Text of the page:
The meal started and the waiter started taking drink orders. I said: ‘Coke, please!’ And his dad, from the other side of the table, leaned over to me and said: ‘You sure?’ Everyone was staring at me while I ordered my drink. I said: ‘Yeah, I’d just like a Coke please.’ He piped up again: ‘Alright, well, if you’re going to be spending your parents’ money, then might as well go big!’
It was a $2 soda, but okay, so I just let it pass and broke the awkwardness by changing the topic.
The drinks were served and now came the time to order. His family decided for the table, for five adults, that the best plan of action was to split two small appetizers and eat free bread instead of getting meals individually. I had my own money, and when I went to order a steak, he said again in front of everyone: ‘Hopefully, you have enough money for breakfast!’
So at this point, I was basically engulfed in this soup of passive-aggressive comments and cheapskate mindsets that I slowly lost my appetite and just sat there while picking at the appetizer we got.
The appetizer was fried calamari served on a bed of spinach. The calamari was gone and the plate of greens had been sitting there for about five minutes. The waiter, who had just started and was being trained that day, came by and picked up the plates. All of a sudden, his dad said out loud for the restaurant to hear: ‘Where’s the spinach?’ The waiter rushed over and asked what the problem was, trying to diffuse the situation. He might as well had walked up and kicked him right in the balls because his dad erupted in rage. He had taken the waiter cleaning the plates off the table as some personal threat and had gone off the rails. My friend stepped in and tried to calm him and he said, and I quote to his own son, ‘I’m not going to calm down. You’re the kid, I’m the dad. Remember that.’ He eventually calmed to a point of where the manager not only comped him his half-priced order of waters and calamari for free, but a second free meal to ease this magnificent burden in this man’s mind.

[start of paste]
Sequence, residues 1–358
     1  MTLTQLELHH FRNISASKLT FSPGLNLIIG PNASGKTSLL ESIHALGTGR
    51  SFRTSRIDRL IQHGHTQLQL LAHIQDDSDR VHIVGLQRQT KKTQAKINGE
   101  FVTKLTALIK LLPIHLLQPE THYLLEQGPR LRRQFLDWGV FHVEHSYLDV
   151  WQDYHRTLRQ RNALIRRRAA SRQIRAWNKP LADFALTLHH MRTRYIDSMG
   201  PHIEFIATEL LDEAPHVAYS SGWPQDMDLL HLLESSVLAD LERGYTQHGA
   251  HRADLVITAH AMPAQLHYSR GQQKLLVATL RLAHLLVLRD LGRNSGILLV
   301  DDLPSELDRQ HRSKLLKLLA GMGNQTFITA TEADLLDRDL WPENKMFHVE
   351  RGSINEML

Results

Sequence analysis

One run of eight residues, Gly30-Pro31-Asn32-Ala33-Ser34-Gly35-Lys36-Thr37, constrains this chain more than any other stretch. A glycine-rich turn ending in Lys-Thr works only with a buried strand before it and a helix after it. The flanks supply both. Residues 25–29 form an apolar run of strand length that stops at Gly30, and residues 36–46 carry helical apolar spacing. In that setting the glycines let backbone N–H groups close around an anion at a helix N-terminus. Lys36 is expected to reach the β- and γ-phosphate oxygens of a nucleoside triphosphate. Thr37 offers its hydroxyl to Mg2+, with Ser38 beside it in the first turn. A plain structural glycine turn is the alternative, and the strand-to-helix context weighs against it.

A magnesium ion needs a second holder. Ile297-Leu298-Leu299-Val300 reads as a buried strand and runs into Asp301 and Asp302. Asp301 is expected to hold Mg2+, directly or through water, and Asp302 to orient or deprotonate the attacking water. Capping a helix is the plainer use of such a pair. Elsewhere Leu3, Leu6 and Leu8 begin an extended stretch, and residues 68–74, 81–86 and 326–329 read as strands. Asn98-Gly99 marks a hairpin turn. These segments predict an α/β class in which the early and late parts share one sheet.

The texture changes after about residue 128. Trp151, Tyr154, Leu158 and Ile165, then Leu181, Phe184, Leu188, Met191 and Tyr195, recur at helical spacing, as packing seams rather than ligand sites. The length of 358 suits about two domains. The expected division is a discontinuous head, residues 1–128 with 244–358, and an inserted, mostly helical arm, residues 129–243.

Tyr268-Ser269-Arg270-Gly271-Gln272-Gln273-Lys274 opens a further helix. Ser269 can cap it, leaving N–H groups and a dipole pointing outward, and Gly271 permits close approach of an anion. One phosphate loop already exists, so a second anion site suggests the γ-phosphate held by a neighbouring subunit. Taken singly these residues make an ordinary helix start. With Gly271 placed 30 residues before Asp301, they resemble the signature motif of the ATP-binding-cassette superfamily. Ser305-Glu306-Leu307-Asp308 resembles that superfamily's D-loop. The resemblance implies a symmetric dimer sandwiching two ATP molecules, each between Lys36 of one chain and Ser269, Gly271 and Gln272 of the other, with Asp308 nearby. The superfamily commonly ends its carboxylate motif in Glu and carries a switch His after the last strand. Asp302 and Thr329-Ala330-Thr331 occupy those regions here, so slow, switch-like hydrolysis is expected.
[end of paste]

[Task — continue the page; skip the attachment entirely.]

I remember being dumbfounded with how weak I saw him for the rest of our friendship. To completely embarrass yourself and your family over calamari, Jesus man.”
They Had An Experience She’ll Never Forget
“I had a friend growing up who had saints for parents. They had to have known my home was a terrible place to be because they never sent me back there even after their child and I did the dumbest stuff ever. I don’t even know why they put up with it, to be honest. They would just send us both to her room. Sometimes, I think we just pushed it on purpose to see how much her parents would tolerate. The answer? Pretty much anything.
One time, when we were older, her mother took us to a concert. My friend and I loved the same music and even had our own ‘band’ complete with electric guitars and amplifiers and a microphone her parents let us use inside the house. Her mother agreed to chaperone us to see a concert.
The concert was inside a pretty small club and everyone was smoking pot. As rebellious as my friend and I tried to be, we were innocent in the ways of getting high at that time. Her mother hung out towards the back of the venue and we went right up front. It was an amazing experience for a young teenager at their first concert, but we started feeling incredibly loopy. People near us were blowing smoke into the air, into our faces – a layer of mist hung around the ceiling.
After the concert, we made our way to where her mother was standing the entire time. We got into the car and her mother said: ‘Girls, I think we might have gotten a little high.’ Then she took us to Burger King and we ate a ton of whopper juniors, and my friend and I were annoying the entire way home.